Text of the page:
The French Country House, Tauranga (via)

The French Country House, Tauranga (via)

Chateau Tongariro (via)

Chateau Tongariro (via)

Heritage Hanmer Springs (via)

Heritage Hanmer Springs (via)

It's hard to believe it's already February as we've been so wonderfully busy with beautiful bridal couples this busy summer wedding season, and though the sun still beats down hot upon our backs as we work away, our winter brides are now in full swing with their planning for upcoming winter weddings in a few months so today, rather than posting inspiration for a summer wedding, we thought we'd put the spotlight on winter weddings - how to plan, the style, the inspiration, the locales:

While we adore summer weddings, there's something so inherently magical about a winter wedding, especially so if you're granted the luxury of a snowy scene for your big day. While those locations may be few and far between in the major cities, heading a little out of town to Ohakune in the north island or Queenstown and surrounds in the south can bring an abundance of that winter wonder and the magic of candlelight and sparkling fairy lights.

Our director is particularly in love with winter weddings - the earlier hour of dusk, the warm firelight, the intimacy of a smaller gathering, the long sleeved gowns and fur accoutrements, the lush evergreen foliage and deep colours of the winter florals. Winter weddings should never be discounted simply due to the possibility of bad weather - it's even an old tale that rain on your wedding day brings good luck!

Venue

If your venue is a little further off the grid than a major city centre, factor in a back up generator to ensure the festivities aren't over far earlier than planned due to a powercut.

Choose a venue that is easy to get to with plenty of local accommodation and safe transport - especially if you're in a snowy locale nestled in the mountains.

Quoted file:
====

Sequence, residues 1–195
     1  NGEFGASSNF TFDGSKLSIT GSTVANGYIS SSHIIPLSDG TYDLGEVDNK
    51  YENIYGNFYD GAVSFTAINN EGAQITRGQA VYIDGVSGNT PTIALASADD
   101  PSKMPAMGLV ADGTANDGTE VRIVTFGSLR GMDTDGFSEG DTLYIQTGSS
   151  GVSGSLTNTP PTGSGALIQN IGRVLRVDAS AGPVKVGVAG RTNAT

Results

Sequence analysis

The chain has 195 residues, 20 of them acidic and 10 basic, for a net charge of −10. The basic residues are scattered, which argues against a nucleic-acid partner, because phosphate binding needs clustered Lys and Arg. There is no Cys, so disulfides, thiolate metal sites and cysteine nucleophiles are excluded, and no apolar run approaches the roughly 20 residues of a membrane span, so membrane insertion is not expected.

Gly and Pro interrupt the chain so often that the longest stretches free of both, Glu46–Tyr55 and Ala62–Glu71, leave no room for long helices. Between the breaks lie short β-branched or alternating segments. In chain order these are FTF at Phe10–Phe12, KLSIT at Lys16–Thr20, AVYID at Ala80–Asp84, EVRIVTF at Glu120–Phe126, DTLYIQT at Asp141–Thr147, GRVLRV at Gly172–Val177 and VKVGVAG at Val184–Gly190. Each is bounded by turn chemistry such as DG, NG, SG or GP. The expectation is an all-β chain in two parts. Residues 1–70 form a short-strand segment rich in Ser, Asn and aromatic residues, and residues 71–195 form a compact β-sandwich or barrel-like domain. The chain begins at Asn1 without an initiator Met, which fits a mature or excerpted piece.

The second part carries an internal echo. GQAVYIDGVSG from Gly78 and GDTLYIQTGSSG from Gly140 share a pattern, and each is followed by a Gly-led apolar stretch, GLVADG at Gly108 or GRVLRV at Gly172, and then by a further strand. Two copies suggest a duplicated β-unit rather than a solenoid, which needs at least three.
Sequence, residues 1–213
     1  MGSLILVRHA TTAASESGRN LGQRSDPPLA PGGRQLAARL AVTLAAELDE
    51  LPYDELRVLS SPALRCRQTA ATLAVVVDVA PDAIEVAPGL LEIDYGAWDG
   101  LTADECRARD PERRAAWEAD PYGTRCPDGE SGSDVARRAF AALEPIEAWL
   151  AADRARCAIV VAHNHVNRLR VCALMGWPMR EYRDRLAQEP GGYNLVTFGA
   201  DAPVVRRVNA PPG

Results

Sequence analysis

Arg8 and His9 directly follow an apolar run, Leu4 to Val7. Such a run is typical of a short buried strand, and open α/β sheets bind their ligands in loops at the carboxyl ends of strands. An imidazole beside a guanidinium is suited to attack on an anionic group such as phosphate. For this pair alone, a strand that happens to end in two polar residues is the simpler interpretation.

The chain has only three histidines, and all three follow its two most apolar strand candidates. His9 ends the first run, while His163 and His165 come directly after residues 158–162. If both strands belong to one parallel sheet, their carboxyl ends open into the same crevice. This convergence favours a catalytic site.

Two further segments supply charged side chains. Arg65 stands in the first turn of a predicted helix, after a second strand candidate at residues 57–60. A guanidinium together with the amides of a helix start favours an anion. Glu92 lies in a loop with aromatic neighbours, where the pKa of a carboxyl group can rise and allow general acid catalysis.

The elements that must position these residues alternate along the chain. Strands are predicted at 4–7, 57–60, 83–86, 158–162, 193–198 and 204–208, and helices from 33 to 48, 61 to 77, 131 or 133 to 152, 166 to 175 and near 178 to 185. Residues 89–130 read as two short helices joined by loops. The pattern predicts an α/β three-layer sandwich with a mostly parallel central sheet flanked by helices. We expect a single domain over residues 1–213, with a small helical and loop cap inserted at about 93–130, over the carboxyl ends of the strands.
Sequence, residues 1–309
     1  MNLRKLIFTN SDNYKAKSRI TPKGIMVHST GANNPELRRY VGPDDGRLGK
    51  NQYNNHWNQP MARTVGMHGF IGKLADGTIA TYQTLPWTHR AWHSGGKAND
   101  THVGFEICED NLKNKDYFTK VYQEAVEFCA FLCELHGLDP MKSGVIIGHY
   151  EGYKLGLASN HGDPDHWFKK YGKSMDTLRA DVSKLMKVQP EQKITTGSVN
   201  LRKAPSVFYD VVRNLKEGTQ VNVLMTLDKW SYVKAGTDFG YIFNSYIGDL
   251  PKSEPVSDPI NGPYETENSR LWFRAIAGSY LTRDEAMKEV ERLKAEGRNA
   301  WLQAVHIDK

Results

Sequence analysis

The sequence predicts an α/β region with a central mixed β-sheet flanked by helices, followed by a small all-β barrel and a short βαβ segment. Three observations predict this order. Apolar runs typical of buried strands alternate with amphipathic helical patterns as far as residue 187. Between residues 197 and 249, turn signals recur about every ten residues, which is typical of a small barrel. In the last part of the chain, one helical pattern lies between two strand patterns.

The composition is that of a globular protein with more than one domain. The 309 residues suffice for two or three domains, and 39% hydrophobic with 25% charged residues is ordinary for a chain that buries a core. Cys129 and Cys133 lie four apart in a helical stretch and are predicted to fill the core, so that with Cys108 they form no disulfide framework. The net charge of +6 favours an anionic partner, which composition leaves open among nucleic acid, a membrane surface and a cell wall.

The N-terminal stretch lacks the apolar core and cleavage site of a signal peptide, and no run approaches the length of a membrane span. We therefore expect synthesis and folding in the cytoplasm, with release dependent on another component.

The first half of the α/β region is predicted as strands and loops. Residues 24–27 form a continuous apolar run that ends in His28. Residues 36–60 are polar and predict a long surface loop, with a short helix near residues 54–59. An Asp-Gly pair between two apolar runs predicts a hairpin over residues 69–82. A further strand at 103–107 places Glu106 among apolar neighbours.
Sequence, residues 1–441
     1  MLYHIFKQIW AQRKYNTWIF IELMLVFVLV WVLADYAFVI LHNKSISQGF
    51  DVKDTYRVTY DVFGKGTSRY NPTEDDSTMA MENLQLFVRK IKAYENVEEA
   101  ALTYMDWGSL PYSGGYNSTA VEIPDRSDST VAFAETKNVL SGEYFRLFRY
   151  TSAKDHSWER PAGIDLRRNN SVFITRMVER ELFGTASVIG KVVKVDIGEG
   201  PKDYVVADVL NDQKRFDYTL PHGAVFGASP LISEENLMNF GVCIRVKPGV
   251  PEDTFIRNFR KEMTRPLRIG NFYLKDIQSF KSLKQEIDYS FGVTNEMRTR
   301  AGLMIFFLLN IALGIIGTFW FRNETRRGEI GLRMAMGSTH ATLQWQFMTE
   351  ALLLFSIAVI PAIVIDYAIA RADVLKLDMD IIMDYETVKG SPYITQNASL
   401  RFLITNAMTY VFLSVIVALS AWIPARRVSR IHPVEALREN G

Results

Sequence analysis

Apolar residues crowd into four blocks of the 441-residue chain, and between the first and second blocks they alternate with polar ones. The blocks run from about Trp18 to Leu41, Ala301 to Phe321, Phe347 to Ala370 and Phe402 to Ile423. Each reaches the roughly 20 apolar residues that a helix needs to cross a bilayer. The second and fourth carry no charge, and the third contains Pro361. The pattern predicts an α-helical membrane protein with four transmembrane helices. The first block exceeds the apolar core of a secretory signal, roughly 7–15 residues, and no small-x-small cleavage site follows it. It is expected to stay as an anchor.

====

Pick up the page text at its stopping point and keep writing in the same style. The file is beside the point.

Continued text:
Timing

Add extra travel time to get to your location(s) and consider holding the ceremony and reception in the same venue for ease of transportation and to ensure the day's events continue on schedule.

The usual timeline will be either brought forward or pushed back depending on what light you hope to capture. With dusk far earlier than in summer, your sunset ceremony may need to take place at 4-5pm while in contract a summer sunset ceremony might take place at 8-9pm. If you're hoping to capitalise on the darker more intimated winter feel, then you have a lot more freedom as to when you begin.

Talk with your photographer about the look and feel you hope to capture to work out the best timings for the required light.

Attire

For clothing options, look for 20s-40s influences with furs, cardigans, long sleeves, scarves and pashminas. A striking art deco beaded gown would look perfect paired with a fur shrug while an elegant form fitting long sleeved gown would look incredible with a simple updo and ear adornments - elegance is simplicity. For the bridesmaids, attire is far cheaper in the offseason and you have the perk of finding all of the deep berry hued dresses made for winter weather at the likes of Alannah Hill to select from rather than the usual 'bridesmaid'-specific gowns.

Colour Palette

While most colour palettes will still suit a winter wedding, we love to focus on the deep romantic berry hues, the jewel tones and warmer gold, bronze and copper metallics.

Decor

Think Romanov Russia, Gatsby Glamour or Woodland Vintage - three dramatic extremes but all perfect examples of winter wedding wonder:

Romanov Russia: Gold, glass, jewel tones, crystal, firelight, chandeliers, candlesticks, coppers, bronzes, trinkets, elegant and sleek attire, white roses or berry toned florals, very formal.

*Gatsby Glamour: *Black and gold or silver, glitz, crystals, balloons, champagne saucers, art deco attire, pearls, art deco fonts and designs, prohibition, feathers and jewels, white orchids and lillies.

*Woodland Vintage: *tree trunk slices, hollow out tree limb napkin rings, moss, pinecones, birds, feathers, greenery and antlers.

Favours

We love mittens and scarves or blankets for an outdoor ceremony for favours or depending on your theme, s'mores, candles, matches, sparklers for the send off, coffee beans, honey pots, handwarmers in mini hottie covers, snowflake trinkets - there are so many options that are outside the realm of the usual favour fare.

Florals

Think texture - winter has some incredibly unique and textural blooms. Apart from the variety of seasonal evergreen foliage, you're also gifted with dried flowers, or unique blooms such as

Guest comfort

In creating a memorable winter wedding, guest comfort is going to be a priority. If your ceremony will take palce in an area exposed to the elements, offer mittens, blankets or pashminas for warm favours and have a cosy roaring fire and patio heaters set up to warm the area. Incorporate velvet seating, candelabras and hurricane lanterns mixed in with fairy lights or edison bulbs and cosy reception seating.